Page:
How Do I Pack Knives Safely?

Posted in: I'm a Mover, Pro Packing Guides

Covering All the Important Points

Packing knives means two things: protecting the knives and protecting everything around them – including our customers’ fingers! Here we’ll cover the basic points, then go through a few ways to add an extra few ounces of protection.

How to Pack Knives: The Basics

How do I pack knives safely - step 1, select similar sizes

#1. Separate your knives into groups of similar sizes to create tighter, safer bundles.


How do I pack knives safely - step 2, wrap together in a towel or packing paper

#2. Start by rolling up the first knife in a couple of sheets of packing paper, then add another, then another. Four or five knives to a bundle might be plenty, rolled up tight to keep them from slipping. Again, we want tight, safe bundles. But keep in mind…


How do I pack knives safely - Step 3, keep a little extra room at the tips

#3. We should leave a little extra room when folding the paper over the sharp end of the bundle. If something or someone does put a little pressure on that end the extra cushioning will help prevent those knife points from poking through.


How do I pack knives safely - step 4, tape and label

#4. Tape the bundle to keep it tight throughout the journey. Wrapping the sharp end, both around and over the end, lends an extra dose of protection against incidental damage.

#5. Label the bundle with a big fat ‘KNIVES’ written with your Sharpie. Showing which way the points are might also be helpful for the person who will be unpacking them. Be careful here though: an arrow can be construed as an invitation to grab that end. Unfortunately there is no established acronym like SE for Sharp End, or HFH for Handle From Here or TITPP (got that one?) so you’ll have to, if you are so inclined, make up your own notation. Whatever it is, just be clear!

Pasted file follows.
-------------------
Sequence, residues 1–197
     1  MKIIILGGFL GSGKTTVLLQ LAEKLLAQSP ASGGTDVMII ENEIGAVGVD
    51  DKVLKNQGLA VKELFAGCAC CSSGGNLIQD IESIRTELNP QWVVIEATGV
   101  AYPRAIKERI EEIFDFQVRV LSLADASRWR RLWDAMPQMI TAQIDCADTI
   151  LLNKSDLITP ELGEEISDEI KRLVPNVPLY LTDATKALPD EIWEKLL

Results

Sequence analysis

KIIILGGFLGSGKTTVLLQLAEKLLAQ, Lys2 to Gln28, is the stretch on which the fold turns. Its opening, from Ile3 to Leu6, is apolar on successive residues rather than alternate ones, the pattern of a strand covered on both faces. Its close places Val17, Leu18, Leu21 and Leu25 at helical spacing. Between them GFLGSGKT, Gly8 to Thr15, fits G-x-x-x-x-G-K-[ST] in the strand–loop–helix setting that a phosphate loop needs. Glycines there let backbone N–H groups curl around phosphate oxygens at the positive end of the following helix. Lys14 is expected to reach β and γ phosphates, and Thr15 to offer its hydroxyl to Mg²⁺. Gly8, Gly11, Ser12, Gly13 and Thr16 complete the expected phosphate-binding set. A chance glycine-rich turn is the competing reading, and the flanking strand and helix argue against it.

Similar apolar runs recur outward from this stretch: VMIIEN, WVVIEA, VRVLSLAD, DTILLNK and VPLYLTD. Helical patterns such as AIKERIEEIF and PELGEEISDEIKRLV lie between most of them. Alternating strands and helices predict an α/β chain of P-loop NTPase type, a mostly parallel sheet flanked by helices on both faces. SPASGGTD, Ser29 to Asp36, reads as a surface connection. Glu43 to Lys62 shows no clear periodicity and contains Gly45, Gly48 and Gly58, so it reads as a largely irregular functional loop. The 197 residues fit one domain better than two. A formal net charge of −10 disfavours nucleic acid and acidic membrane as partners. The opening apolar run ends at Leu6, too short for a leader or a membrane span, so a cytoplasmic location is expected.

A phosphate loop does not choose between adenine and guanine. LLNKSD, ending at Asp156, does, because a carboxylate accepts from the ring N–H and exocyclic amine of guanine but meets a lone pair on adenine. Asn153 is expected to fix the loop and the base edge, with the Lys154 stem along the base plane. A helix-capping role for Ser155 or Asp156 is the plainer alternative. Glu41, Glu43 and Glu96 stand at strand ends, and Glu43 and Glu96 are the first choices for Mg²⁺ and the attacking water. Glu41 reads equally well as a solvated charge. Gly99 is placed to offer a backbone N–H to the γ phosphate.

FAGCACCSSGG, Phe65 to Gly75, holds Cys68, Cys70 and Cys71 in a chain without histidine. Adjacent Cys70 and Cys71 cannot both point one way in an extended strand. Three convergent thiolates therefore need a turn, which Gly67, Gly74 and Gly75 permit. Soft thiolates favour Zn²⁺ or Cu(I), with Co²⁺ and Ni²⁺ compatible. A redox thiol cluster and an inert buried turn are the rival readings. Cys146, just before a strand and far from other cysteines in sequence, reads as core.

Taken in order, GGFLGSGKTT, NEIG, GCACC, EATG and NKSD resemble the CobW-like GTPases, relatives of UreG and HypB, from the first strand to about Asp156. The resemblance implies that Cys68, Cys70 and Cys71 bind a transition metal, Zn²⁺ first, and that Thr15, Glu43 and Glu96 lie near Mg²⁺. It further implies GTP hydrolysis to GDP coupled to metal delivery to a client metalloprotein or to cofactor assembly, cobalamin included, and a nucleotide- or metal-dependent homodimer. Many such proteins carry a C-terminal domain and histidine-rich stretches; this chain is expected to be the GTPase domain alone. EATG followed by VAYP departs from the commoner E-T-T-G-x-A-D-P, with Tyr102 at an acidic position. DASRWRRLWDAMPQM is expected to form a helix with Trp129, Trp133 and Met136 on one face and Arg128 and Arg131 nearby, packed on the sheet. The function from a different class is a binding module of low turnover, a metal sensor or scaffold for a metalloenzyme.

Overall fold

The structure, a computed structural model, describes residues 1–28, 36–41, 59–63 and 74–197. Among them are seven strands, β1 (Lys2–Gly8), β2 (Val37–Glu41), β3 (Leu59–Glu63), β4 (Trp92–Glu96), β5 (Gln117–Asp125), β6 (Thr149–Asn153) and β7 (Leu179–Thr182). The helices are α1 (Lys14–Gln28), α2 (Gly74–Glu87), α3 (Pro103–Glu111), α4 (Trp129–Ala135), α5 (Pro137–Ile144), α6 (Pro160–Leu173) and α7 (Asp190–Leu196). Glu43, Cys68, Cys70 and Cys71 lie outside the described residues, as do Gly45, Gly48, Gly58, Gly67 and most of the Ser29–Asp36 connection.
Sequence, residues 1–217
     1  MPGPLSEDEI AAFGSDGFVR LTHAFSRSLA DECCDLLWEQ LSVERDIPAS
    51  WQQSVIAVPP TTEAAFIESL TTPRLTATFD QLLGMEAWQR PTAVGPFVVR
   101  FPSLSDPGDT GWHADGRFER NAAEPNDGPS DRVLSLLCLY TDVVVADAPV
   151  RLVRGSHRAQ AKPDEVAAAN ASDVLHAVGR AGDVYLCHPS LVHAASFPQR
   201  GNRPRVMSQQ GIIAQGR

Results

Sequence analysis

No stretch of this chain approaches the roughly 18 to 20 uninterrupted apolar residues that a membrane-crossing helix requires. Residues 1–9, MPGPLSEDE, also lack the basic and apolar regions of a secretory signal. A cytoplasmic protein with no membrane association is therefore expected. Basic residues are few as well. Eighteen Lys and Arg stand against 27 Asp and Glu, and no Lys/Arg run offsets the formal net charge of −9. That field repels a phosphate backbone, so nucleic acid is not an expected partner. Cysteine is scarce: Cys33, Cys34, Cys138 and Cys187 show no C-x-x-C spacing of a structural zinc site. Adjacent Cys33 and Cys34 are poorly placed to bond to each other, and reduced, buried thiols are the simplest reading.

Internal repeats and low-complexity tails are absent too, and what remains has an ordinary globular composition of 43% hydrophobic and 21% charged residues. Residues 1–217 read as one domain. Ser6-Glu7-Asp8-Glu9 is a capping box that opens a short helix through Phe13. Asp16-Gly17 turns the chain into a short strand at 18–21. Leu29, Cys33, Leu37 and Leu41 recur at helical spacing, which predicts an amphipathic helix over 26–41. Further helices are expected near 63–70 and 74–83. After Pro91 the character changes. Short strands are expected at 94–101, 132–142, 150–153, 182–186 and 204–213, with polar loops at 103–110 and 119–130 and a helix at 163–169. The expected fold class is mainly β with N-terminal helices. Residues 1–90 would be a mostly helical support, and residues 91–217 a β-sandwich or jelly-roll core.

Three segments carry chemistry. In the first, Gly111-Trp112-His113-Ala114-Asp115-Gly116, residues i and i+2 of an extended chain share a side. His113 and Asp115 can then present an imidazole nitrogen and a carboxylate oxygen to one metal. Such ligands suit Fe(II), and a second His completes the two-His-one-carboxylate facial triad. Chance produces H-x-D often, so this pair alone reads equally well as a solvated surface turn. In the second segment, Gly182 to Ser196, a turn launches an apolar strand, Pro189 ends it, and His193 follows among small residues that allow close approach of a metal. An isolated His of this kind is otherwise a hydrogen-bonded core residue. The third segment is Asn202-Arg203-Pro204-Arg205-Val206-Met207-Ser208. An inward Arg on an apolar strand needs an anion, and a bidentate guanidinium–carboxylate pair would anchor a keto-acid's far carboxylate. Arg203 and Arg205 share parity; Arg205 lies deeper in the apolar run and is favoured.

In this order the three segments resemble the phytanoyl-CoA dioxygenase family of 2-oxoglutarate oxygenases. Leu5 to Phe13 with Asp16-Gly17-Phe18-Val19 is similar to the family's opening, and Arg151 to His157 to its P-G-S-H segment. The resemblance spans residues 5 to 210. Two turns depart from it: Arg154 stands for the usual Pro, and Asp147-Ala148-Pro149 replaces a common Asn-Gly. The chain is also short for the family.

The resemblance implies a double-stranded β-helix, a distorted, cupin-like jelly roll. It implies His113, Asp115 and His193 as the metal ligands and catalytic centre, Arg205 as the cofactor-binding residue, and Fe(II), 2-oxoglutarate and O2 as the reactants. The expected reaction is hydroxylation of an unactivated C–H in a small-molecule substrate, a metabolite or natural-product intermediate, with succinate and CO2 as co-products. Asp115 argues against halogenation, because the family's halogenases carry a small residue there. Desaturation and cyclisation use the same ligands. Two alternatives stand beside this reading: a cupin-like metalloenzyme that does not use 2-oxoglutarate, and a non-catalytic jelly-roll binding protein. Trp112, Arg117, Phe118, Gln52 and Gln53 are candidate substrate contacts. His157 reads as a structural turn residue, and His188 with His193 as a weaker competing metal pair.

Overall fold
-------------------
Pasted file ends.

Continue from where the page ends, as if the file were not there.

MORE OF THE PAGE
#6. For an extra heads-up, note on the outside of the carton that there are knives inside.

How to Pack Knives: Extra Care

  • Incorporate some dish towels into your bundles. Position them so they will cover the blades and extend beyond their tips; when you fold the ends of your bundle over the towels will be doubled over too, lending lots of good cover.
  • Place these bundles of knives into smaller boxes which in turn can be placed into your 3-cube or dish pack.
  • If your customer keeps their knives in one of those butcher block things, leave them in there. But be careful of two things: (1) Wrap the whole package up well, with plenty of packing paper or, if you have one on hand, a large dish towel; (2) Pad those handles well and pay attention to how you position the whole thing in your carton – sticking out of that block of wood leaves those handles susceptible to damage if pressure is placed on them.
  • Particularly for large butcher and carving knives, consider (after wrapping them individually of course) laying them side by side in a still-flat 1.5 carton. Tape the carton along the end where the handles are, carefully add paper to keep the blades from slipping and sliding around, then tape that end shut, folding the box flaps over for more protection and safety.
  • Want even greater protection? Pack those bundles of knives tightly in between bath towels when you are packing up the bathroom. Just remember to label in BIG and CLEAR letters that there are knives in there.

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